If it's true that the first step in solving a problem is acknowledging its existence, California Assembly Speaker Anthony Rendon is doing so by recognizing the state's lackluster record of meaningful climate action.
While attending the United Nations climate conference in Scotland in November, Rendon told CalMatters, "I don't at all feel that we are leading the world anymore," contradicting Gov. Gavin Newsom's rosy portrait of the state's achievements. Noting California's outdated emissions goals, overreliance on cars and freeways, and lethal shortcomings in dealing with weather extremes, Rendon acknowledged the leadership void that California once filled.
California Democrats celebrated a $15 billion investment in making the state more resilient against climate-fueled emergencies last year, but they mislabeled the fire and drought protections as climate action. The environmental plan lacked measures to dramatically reduce greenhouse gas emissions and move away from fossil fuels, essential steps to avert climate catastrophe. A $735 million budget package to speed progress on the state's clean energy goals and advance new technologies was shelved for further consideration in the new year.
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The Legislature's recent unseriousness about climate change must stop. Bogging down proposals in opaque committees, accepting fossil fuel industry contributions and letting trade groups dictate false narratives about job losses may be business as usual in Sacramento, but on this issue, it also amounts to a form of denialism. It puts California on a path toward squandering our last chance to stem the repercussions of climate change by the end of the decade.
The sobering truth is that California is nowhere close to meeting even its most basic climate goals. To fulfill a 2030 mandate and cut emissions to 40% below 1990 levels, the state would need to maintain annual reductions of more than 4%, according to a new report by the nonpartisan think tank Next 10. That is 2 1/2 times greater than our best year over the last decade.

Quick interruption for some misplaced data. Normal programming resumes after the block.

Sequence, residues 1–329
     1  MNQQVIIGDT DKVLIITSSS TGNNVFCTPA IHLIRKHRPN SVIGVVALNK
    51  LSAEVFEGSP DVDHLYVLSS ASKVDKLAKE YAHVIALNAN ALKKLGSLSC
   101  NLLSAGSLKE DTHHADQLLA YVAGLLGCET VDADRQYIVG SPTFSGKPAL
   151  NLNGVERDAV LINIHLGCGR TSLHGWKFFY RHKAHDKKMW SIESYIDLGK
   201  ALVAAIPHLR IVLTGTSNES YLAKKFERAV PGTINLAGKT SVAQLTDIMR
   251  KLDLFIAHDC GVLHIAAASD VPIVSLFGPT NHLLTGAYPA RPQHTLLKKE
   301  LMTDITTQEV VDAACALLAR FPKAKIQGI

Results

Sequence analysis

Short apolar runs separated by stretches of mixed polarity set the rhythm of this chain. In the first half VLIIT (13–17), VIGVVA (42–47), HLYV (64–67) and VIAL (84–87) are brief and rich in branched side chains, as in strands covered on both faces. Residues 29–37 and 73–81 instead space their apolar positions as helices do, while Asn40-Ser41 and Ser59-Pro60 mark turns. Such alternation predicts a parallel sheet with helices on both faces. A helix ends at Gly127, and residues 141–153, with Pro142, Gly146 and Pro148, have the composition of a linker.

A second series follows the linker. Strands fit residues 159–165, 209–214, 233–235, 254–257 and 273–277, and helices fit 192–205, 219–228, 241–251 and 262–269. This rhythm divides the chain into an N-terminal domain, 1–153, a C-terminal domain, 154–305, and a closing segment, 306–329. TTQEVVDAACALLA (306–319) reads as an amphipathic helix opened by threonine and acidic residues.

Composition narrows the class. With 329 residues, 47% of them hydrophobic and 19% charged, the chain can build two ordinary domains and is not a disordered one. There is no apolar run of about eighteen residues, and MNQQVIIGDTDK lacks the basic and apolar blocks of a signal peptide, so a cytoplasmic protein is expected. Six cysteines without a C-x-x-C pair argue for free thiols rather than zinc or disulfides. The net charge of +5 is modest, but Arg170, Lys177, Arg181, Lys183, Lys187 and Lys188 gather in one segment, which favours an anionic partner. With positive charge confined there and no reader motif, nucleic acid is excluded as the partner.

Both houses of the state Legislature are reportedly developing major bills on the climate front, which is encouraging, but it remains to be seen whether they will be equal to the emergency and responsibility at hand — let alone pass. These bills have to be handled differently if state leaders want the public to believe they can deliver.
The most important change is in committee makeup, especially in the state Senate. Oil and labor dollars have purchased incredible sway in the energy and natural resources committees, contributing to Republican opposition and Democrat indifference. With Sen. Henry Stern running for the Los Angeles County Board of Supervisors, Senate President Pro Tem Toni Atkins can demonstrate climate leadership with her appointment of a new natural resources committee chair. If Sen. Ben Hueso is going to stick to the same broken formula for the energy committee, Atkins should replace him, too.
California's governor, who is up for reelection after fending off a recall attempt, also has a major role to play in shaping climate policy this year. Newsom has taken executive action to phase out oil extraction, expedite clean energy projects and shift the auto industry to electric vehicles by the next decade. But calculated strikes are not enough. California needs a clear and comprehensive strategy to eradicate carbon pollution in all forms and flood the market with clean energy. Next year's expected budget surplus is a chance to fund a faster transition.
With the federal government fractured by partisanship, California can use its innovative prowess and economic might to be a desperately needed world leader on climate change. Carbon emissions can be eliminated without sacrificing industry or labor; the power grid can be converted to clean energy without relying on nonrenewable sources; and communities can adapt without forgoing equity.